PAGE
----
ter than random signatures (Venet, Dumont and Detours 2011). The issue with the often limited reproducibility for published biomarker signatures have been discussed at multiple occasions (Chibon 2013; Bustin 2014; McShane 2017; Scherer 2017) and indicate that many published signatures are likely to be unreliable, spurious patterns seen only in one dataset.

If so, this is consequential for how the data analysis should be approached, indicating that great care needs to be taken when interpreting this type of data. This chapter discusses how to use normalizations, batch effect correction and statistical approaches to increase the robustness of the analysis, and the use of data visualizations to guide the approach and the conclusions of the analysis. The overall analysis workflow as discussed here is illustrated in Figure 8. These steps and related challenges are discussed in this chapter. Paper I is closely

Figure 8: The data analysis workflow.


related to the normalization and statistical analysis steps, while Paper II almost exclusively focuses on the use of data visualization for better decisions on how to analyse the data.

These pieces of software were subsequently used in Papers III­V to guide and carry out analysis decisions that are further discussed in Chapter 3.

Managing unwanted variation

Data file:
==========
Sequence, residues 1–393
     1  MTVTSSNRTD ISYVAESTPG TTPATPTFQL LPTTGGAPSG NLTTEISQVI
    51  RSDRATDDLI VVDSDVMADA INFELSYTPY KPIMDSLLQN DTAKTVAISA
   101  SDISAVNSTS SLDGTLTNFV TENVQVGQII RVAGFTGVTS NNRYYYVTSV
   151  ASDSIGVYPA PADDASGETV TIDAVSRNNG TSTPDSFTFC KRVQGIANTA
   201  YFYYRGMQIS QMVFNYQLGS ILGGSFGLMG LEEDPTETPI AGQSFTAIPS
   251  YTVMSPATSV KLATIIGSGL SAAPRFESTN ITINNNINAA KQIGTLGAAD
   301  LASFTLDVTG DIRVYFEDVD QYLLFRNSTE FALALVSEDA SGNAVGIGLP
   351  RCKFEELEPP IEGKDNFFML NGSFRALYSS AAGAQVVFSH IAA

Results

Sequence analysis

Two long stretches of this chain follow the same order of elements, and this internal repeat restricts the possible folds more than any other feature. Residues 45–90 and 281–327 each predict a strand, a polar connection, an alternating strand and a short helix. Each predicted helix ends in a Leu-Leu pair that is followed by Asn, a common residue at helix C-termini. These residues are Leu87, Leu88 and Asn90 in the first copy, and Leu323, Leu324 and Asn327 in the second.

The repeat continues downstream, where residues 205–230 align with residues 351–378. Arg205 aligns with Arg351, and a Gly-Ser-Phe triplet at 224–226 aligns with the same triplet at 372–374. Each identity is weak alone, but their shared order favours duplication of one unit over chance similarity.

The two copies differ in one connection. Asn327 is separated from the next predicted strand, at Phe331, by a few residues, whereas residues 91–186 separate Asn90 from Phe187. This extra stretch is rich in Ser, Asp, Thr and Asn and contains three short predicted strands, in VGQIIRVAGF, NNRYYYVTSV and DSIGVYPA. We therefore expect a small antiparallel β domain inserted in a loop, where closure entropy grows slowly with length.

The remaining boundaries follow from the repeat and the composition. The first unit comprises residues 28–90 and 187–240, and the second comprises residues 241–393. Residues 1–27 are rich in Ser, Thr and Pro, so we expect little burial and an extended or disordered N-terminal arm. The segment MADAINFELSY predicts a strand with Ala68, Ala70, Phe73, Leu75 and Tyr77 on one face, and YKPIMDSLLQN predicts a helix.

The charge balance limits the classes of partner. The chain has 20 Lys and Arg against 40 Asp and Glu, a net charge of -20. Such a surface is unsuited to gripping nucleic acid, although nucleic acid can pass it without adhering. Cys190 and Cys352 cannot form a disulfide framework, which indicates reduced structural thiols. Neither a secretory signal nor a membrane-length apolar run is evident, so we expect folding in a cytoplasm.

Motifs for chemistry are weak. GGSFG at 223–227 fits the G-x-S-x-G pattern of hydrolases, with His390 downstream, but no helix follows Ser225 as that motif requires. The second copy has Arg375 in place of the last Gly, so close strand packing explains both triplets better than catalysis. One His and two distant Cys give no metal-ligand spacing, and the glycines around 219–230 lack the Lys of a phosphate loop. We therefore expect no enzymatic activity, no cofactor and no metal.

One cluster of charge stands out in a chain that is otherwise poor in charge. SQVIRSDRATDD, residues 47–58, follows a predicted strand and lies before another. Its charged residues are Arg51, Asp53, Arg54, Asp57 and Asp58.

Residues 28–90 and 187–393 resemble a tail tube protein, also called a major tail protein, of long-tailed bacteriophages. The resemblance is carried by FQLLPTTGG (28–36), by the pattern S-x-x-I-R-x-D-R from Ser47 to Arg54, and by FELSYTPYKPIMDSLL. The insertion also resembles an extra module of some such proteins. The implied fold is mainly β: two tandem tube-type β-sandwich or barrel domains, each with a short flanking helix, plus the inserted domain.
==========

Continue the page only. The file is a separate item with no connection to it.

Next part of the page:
Even in an experiment with no technical disturbances, systematic biological differences need to be distinguished from individual variation. In reality, there will generally be an unwanted variation present in the data. This variation can be caused by differing conditions in the experiment before sampling (for instance, if an older batch of seeds is used for some plants) and by technical differences from the sample handling itself (different reagents are used for protein extraction), as illustrated in Figure 9.

Figure 9: Breakdown of different types of variation. ”Wanted variation” is what is present if only the variation intrinsic to the organism is measured with no additional variation caused by the experiment and the sample handling. ”Unwanted variation” is any disturbance caused either during the experiment prior to the sampling or in the subsequent sample processing steps.

One example of pre­sampling variation was shown in a recent study where HeLa cell lines from different laboratories were compared, showing different gene expression profiles (Liu et al. 2019). This difference is likely due to gradual mutation over time, making them more diverse. This diversity means that when comparing results from studies based on the HeLa cells in different labs, this additional source of variation will be present and needs to be considered while interpreting the data. The technical difference is often further divided into sample­specific effects (such as pipetting errors or electrospray variation) and batch effects (such as run­days on the mass spectrometer and reagent batches). The difference